The possible further emergence of teammate Preston Williams and a lowly 56.3% catch rate cap the PPR expectations of DeVante Parker. Parker finished the season with 128 targets (13th-most) which at first glance looks phenomenal, but keep in mind that Williams only played the first eight games of the season and Parker saw a huge jump in offensive involvement after Williams tore his ACL (6.5 targets per game pre-injury, 9.5 after-injury). All signs are pointing towards a healthy start of the season for Preston Williams, so we’ll get another chance to see who will command the brunt of the targets in 2020.
Mecole Hardman, Chiefs PPR Ranking Difference: -20
Averaging over 20 yards a catch but finishing four regular-season games with zero receptions, Mecole Hardman had an interesting rookie year, to say the least. He had five games out of 19 (including playoffs) in which he had more than 50 yards and not one of his six touchdowns came from within the red zone. What we’re looking for in PPR leagues is consistency in usage and as of now, Hardman is volatile, to say the least.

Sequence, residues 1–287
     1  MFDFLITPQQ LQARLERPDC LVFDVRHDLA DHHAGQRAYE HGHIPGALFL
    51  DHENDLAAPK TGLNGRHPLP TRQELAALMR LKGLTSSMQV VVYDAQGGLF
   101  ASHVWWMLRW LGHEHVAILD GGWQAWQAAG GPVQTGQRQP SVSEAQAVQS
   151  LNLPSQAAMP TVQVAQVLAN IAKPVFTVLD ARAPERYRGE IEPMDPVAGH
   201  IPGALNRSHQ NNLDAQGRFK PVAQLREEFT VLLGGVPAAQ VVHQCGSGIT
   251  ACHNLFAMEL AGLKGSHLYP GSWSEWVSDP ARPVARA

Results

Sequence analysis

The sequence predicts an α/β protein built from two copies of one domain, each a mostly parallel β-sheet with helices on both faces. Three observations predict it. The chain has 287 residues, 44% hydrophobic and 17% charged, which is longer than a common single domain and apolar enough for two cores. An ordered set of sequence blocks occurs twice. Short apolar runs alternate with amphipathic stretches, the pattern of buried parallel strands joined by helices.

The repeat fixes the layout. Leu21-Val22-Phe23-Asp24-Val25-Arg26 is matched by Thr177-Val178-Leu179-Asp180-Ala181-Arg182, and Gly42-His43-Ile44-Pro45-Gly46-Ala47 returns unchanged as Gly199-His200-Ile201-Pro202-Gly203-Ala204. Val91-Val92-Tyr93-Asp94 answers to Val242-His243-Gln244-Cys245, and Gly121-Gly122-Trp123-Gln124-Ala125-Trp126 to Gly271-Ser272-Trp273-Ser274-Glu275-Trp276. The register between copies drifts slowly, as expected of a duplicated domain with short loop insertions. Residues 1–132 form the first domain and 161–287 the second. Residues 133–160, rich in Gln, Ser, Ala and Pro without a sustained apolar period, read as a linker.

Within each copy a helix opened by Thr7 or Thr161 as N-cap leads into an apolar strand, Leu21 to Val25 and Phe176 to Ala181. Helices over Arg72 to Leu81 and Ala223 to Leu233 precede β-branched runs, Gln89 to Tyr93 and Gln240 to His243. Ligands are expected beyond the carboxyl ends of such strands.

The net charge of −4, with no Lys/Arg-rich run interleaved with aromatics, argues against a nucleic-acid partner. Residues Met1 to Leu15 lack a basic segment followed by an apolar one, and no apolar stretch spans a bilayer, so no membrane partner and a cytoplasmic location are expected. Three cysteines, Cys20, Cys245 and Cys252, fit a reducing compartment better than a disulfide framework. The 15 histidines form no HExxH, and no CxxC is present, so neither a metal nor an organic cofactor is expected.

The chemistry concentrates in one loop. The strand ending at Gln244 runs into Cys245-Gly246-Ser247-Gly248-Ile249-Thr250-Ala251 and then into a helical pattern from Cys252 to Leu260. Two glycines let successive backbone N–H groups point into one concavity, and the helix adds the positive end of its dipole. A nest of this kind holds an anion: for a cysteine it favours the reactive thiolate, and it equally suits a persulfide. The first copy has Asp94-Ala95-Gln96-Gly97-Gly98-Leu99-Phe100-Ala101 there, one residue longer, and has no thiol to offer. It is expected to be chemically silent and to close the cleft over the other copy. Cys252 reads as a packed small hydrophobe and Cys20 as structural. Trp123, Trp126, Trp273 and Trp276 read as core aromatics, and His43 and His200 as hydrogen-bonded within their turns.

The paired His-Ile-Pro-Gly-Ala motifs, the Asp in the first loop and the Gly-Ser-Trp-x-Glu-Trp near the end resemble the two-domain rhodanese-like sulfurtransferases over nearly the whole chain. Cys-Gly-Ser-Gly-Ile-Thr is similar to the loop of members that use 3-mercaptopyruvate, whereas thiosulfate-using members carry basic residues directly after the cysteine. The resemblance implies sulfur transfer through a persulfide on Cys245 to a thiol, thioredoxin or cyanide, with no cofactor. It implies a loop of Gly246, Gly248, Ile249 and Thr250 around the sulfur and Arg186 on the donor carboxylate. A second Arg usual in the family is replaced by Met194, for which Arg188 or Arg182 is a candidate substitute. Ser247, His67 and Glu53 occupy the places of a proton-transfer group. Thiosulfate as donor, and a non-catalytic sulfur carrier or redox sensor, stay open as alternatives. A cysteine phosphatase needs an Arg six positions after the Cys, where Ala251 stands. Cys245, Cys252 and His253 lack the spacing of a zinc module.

PPR Losers: Tight Ends
Tyler Eifert, Jaguars PPR Ranking Difference: -2
Eifert hasn’t been healthy enough to be a consistent producer, and in his first full 16 game season of his career, he was kept healthy by avoiding the seam-stretching ability that made him such a threat but put him in harm’s way so often. Switching teams, it’s difficult to know if the Jaguars will follow along in the same philosophy that the Bengals did in 2019, but if the 6.9 yards per target are any indication of his usage moving forward, there’s not a lot of upside for yardage, and he’s unlikely to see anything resembling a double-digit target game. Eifert can be valuable in standard-scoring leagues as a late-round flier just in case he becomes a red zone threat in Jacksonville.